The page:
NEWS IN ENGLISH | Strong growth for Scania in East Africa
East Africa is not a new market for Scania. As early as the 1970s the company set up in Tanzania. From there the reputation of its trucks and buses spread around the region. In 1988, the independent distributor Kenya Grange started selling buses in Kenya, followed by trucks. A few years later markets were established in Uganda, Rwanda and Burundi.
Today Scania leads the Kenyan bus market, having more than half the share, and occupies about 15 percent of the heavy-truck market.
"This and a series of other factors made the creation of Scania East Africa a natural next step on the African continent," says Per Holmström, Managing Director of Scania East Africa.
An exciting growth region
A growing middle class, a road network that is getting better and strong demand for both efficient freight transport and safer and more comfortable bus transport are factors that make East Africa one of the world's most exciting growth regions right now.
The creation of Scania East Africa is also aimed at helping the company work efficiently within the East African Community (EAC), a common market and customs union serving 140 million people in Kenya, Rwanda, Burundi, Tanzania and Uganda, and, ultimately, South Sudan.
"A more mature transport industry will follow from cooperation within the EAC - and we naturally want to be part of this development," Holmström says. "New discoveries of oil, gas and other minerals in the region will generate a need for safe, high-quality transport. The increasingly stable political development in these countries is also creating new business opportunities."
A strong brand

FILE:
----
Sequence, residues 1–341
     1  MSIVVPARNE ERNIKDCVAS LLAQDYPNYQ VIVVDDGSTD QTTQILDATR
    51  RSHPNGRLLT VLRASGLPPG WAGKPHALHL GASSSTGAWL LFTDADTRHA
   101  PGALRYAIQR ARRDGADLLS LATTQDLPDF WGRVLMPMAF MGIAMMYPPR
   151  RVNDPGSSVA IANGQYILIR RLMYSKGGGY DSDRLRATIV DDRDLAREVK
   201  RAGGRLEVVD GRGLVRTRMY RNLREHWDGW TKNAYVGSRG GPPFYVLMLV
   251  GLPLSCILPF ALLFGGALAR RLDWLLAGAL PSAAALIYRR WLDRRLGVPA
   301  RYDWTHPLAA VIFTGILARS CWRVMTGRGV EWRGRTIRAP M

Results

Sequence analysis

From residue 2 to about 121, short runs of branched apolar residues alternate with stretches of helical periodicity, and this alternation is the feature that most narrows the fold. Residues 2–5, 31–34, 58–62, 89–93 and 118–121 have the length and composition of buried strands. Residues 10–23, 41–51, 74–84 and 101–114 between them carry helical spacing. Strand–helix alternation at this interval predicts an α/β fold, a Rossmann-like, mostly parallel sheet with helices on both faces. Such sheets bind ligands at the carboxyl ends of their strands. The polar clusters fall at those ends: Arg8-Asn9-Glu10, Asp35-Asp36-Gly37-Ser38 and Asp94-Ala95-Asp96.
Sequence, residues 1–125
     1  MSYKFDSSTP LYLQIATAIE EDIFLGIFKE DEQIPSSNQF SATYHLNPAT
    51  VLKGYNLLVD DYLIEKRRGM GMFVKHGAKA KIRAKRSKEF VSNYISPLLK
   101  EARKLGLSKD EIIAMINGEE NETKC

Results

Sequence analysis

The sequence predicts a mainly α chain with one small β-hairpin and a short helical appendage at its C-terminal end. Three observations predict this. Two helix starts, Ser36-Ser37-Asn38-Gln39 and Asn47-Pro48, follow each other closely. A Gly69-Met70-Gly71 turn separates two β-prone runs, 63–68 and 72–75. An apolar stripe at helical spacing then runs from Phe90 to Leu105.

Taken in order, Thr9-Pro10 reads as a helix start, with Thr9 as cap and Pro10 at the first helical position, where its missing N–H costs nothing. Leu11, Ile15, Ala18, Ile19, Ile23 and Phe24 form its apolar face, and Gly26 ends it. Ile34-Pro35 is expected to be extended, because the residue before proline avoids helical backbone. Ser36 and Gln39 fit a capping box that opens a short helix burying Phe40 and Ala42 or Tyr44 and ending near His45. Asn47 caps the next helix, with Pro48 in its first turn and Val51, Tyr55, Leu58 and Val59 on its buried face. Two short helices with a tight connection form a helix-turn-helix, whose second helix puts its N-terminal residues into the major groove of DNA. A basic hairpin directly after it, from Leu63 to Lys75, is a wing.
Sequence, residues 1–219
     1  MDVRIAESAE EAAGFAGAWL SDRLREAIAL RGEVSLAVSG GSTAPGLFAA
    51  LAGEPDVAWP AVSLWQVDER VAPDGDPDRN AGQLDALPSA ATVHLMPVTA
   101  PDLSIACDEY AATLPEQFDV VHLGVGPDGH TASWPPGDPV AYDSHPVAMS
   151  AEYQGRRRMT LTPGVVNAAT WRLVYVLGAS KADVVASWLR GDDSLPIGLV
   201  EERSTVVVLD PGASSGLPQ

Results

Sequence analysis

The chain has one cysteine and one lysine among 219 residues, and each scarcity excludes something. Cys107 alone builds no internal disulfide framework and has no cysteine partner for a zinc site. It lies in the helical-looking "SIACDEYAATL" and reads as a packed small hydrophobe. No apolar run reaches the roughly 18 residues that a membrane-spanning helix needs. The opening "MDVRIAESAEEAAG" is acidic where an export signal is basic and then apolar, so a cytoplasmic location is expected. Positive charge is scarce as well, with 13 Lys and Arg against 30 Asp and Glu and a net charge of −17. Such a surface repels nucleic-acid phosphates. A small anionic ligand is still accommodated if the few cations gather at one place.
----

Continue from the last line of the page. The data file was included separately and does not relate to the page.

Scania has long been a strong brand in the region, its profile patiently built up by the company's former distributor, Kenya Grange. In March 2014 Scania took over the distributorship in Kenya, from where regional operations are coordinated. Kenya Grange continues to support Scania with sales and servicing in Uganda, Rwanda and Burundi.
"With our own company coordinating operations in the region, we will also be much closer to our customers," Holmström says. "Our aim is to work as partners with them in their transport business. Kenya is the largest and most developed economy in the region, with the best road network and the greatest investment in infrastructure. A large number of NGOs and other organisations also have their African base here for purchasing and distribution."
The bulk of Scania's sales - 75 percent - take place in Kenya, followed by Uganda with just over 20 percent. In the next few years business will increase in the other countries. Uganda will also supply South Sudan and the eastern part of the Democratic Republic of Congo.
Scania already has the best service network in the region but this will continue to be expanded in line with the road and other infrastructure investments made in these countries.
Focus on road safety
Holmström says many of Scania's customers are located along the region's main artery, the North Transport Corridor, which stretches from Mombasa in Kenya to Goma in the Democratic Republic of Congo, taking in Nairobi in Kenya, Kampala in Uganda, Kigali in Rwanda and Bujumbura in Burundi. "And that's where we will be too," he says.
With the rapid growth in East Africa, the number of vehicles is also growing fast - as is the number of serious road accidents. Driver training and coaching are therefore important parts of Scania's range of services in East Africa.
"We also want to help to improve safety on the roads here by collaborating with the authorities and organisations, and sharing our global knowledge and experience of road safety," Holmström says. "We want to be part of the solution to problems."
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